Tropical Storm Sean tracker: See the Atlantic storms being monitored by National Hurricane Center

The National Hurricane Center has been tracking Tropical Storm Sean this week, and Friday morning it strengthened into a tropical storm again after weakening into a tropical depression, according to the latest advisory from the National Hurricane Center.

Sean is currently far out in the Atlantic, just edging closer to the northern part of South America than northeast Africa. The storm is moving west-northwestward over open waters, and is expected to weaken over the next few days, likely presenting no harm to U.S..

Farther east in the Atlantic, a the National Hurricane Center is also tracking a tropical wave moving west toward the Caribbean that could become a tropical depression by the middle of next week.

The storm updates come after Florida residents saw severe weather Thursday morning, including a tornado that touched down near Tampa. Damage from what may have been two additional tornadoes has been reported in Palm Coast, Clearwater Beach and Crystal River.

Here is what else to know about Sean as hurricane season winds down.

Hurricane season 2023: No-name storm brings nasty weather to Florida; cold fronts could chill hurricane season

Tropical Storm Sean live tracking: Where is it going?

  • Location: 1105 miles west of Cabo Verde Islands

  • Maximum sustained winds: 45 mph

  • Movement: northwest at 13 mph

  • Pressure: 1004 mb

  • Spaghetti models

Spaghetti models for Tropical Storm Sean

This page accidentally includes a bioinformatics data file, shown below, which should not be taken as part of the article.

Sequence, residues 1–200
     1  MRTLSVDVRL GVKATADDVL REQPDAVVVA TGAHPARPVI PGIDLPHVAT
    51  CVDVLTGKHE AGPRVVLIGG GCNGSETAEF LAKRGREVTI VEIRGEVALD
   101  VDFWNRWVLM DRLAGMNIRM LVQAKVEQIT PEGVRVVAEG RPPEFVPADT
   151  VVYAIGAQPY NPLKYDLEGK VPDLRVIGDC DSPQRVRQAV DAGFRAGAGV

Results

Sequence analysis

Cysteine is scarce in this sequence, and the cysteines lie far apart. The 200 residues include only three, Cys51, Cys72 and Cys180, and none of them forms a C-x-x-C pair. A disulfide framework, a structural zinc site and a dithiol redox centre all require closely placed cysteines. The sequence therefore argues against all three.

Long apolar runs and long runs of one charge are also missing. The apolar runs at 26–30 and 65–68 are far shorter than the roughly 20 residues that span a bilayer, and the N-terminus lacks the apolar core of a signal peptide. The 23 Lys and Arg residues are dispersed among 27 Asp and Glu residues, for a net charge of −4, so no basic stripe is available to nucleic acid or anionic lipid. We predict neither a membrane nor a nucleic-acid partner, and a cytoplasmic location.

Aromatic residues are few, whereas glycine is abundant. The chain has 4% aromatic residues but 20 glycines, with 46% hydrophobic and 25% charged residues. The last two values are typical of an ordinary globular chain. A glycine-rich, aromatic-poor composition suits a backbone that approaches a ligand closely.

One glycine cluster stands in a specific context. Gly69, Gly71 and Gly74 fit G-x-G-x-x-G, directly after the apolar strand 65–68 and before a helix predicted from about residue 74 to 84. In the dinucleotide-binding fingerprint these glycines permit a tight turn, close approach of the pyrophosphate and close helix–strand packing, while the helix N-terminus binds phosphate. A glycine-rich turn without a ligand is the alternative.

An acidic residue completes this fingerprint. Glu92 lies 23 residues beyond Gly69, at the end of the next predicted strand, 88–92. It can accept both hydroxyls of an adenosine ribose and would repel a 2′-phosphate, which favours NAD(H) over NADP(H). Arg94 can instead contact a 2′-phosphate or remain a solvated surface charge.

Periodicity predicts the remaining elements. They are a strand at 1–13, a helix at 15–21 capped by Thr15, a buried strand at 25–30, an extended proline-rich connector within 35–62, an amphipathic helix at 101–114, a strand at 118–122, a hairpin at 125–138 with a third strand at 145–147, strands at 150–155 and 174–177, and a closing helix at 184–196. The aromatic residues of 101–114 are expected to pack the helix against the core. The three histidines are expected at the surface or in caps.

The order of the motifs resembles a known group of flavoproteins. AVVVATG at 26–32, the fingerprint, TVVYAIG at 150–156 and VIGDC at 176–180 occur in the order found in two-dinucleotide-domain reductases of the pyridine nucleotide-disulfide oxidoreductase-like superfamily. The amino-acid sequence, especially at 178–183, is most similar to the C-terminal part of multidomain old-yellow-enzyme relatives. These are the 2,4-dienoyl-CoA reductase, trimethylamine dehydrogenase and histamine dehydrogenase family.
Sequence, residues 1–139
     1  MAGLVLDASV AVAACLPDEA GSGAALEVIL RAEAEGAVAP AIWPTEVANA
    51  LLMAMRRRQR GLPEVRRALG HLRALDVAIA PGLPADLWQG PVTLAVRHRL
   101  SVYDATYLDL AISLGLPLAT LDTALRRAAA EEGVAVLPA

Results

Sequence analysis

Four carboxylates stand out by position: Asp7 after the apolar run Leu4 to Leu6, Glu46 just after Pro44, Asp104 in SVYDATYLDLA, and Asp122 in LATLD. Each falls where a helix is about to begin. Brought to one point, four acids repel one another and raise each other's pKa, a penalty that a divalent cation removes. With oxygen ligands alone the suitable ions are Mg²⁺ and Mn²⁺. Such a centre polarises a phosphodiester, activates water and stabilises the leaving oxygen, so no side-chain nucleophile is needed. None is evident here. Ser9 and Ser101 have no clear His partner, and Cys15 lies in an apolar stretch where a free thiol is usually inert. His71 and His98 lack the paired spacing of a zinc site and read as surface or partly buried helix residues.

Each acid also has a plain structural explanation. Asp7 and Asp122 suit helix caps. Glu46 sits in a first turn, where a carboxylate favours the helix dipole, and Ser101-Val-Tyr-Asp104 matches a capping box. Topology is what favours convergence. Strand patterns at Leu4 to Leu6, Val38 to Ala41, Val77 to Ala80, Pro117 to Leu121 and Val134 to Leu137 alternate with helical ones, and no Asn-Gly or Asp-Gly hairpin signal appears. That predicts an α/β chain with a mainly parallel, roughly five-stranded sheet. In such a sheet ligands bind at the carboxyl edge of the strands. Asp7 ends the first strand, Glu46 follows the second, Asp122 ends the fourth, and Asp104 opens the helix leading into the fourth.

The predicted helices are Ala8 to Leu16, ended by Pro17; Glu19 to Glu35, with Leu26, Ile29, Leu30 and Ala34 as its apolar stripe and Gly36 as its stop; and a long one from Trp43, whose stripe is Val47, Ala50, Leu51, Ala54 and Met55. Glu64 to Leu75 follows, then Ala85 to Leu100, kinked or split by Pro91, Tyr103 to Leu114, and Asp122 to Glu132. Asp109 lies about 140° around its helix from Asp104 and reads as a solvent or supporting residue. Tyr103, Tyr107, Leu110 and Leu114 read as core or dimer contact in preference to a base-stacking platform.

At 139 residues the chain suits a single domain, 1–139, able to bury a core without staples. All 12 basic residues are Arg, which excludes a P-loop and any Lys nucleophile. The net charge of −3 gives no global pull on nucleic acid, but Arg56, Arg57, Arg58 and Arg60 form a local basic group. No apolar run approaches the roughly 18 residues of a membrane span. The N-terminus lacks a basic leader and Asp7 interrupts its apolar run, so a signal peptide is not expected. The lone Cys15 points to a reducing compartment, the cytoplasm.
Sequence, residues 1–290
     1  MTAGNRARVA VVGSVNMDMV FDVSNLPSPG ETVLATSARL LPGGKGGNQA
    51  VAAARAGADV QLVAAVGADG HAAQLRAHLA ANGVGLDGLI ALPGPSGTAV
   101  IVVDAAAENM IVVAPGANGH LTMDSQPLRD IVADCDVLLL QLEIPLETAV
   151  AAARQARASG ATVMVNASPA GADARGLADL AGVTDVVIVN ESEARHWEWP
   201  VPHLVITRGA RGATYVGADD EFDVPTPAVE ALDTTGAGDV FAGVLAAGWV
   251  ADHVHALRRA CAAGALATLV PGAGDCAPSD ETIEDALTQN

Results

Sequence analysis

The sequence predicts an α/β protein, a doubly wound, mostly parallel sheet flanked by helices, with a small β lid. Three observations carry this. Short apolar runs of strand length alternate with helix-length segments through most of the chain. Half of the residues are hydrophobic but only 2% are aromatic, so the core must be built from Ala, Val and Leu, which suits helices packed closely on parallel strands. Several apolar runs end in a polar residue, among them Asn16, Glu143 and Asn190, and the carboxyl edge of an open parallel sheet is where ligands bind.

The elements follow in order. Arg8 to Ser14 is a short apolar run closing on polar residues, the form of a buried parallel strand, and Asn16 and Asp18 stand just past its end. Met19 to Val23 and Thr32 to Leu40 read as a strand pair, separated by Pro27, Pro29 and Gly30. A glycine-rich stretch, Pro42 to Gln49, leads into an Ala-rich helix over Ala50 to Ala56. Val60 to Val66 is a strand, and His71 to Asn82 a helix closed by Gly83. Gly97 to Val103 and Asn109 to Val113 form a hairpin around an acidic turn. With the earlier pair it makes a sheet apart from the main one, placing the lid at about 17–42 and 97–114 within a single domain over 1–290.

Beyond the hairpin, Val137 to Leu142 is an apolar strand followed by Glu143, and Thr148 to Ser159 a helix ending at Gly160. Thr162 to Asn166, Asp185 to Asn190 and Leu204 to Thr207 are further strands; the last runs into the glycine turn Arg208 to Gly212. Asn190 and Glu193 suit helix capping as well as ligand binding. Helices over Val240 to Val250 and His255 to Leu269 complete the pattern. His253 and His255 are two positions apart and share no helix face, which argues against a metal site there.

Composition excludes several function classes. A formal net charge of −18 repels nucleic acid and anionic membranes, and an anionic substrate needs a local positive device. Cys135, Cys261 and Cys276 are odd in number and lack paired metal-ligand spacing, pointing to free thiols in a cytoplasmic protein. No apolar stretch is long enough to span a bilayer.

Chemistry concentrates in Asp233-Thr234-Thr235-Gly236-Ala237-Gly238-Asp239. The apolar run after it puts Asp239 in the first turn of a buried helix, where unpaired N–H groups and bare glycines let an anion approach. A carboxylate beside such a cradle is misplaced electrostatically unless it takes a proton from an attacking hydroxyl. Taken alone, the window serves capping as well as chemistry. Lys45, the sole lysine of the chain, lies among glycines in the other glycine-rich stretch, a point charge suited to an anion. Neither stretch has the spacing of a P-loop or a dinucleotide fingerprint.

Special note about spaghetti models: Illustrations include an array of forecast tools and models, and not all are created equal. The hurricane center uses only the top four or five highest performing models to help make its forecasts. 

Tropical Storm Sean not likely to impact U.S.

No impacts to Florida or the rest of the U.S. are expected at this time from the tropical disturbances being tracked by the National Hurricane Center.

Forecasters urge all residents to continue monitoring the tropics and to always be prepared.

Sean 18th named storm The 2023 Hurricane season is not over yet with Florida vulnerable to storms into November

When is hurricane season over?

November 30.

The Atlantic hurricane season runs from June 1 through Nov. 30.

The peak of the season is Sept. 10, with the most activity happening between mid-August and mid-October, according to the Hurricane Center.

Hurricane season's ultimate peak is Sept. 10 but the season goes through Nov. 30. Credit: NOAA
Hurricane season's ultimate peak is Sept. 10 but the season goes through Nov. 30. Credit: NOAA

What other storms are being tracked now?

This map shows systems currently being monitored by the National Hurricane Center.


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Elsewhere, Typhoon Bolaven is heading toward Alaska — yes, you read that right — and the size and power of the storm could affect weather across the U.S. next week, according to AccuWeather.

This article originally appeared on Treasure Coast Newspapers: Tropical Storm Sean and tropical wave tracked by Hurricane Center